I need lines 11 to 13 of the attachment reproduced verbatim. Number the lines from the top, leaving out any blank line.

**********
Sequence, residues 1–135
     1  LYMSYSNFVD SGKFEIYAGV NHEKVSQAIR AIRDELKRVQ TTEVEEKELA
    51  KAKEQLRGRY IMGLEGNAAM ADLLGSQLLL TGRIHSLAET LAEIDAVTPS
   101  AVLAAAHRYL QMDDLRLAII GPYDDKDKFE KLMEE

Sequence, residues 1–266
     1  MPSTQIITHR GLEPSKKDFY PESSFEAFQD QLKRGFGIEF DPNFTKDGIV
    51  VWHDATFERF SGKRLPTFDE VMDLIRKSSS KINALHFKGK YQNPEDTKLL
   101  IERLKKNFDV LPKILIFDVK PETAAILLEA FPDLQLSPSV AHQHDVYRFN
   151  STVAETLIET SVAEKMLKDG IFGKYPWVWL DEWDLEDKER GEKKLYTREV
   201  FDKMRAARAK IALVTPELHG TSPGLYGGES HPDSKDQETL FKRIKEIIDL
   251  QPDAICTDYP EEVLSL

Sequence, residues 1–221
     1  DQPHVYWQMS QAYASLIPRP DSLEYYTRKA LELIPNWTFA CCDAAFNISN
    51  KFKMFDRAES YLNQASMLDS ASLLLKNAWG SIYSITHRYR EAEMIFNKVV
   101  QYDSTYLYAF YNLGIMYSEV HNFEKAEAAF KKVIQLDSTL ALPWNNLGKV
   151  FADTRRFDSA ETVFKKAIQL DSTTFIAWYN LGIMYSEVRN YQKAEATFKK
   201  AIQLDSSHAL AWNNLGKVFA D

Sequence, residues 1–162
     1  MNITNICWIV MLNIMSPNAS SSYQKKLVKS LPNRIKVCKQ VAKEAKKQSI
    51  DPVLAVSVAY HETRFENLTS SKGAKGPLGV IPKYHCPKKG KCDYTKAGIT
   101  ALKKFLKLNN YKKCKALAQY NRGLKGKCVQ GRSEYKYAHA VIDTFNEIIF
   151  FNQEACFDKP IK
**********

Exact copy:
   251  QPDAICTDYP EEVLSL

Sequence, residues 1–221
     1  DQPHVYWQMS QAYASLIPRP DSLEYYTRKA LELIPNWTFA CCDAAFNISN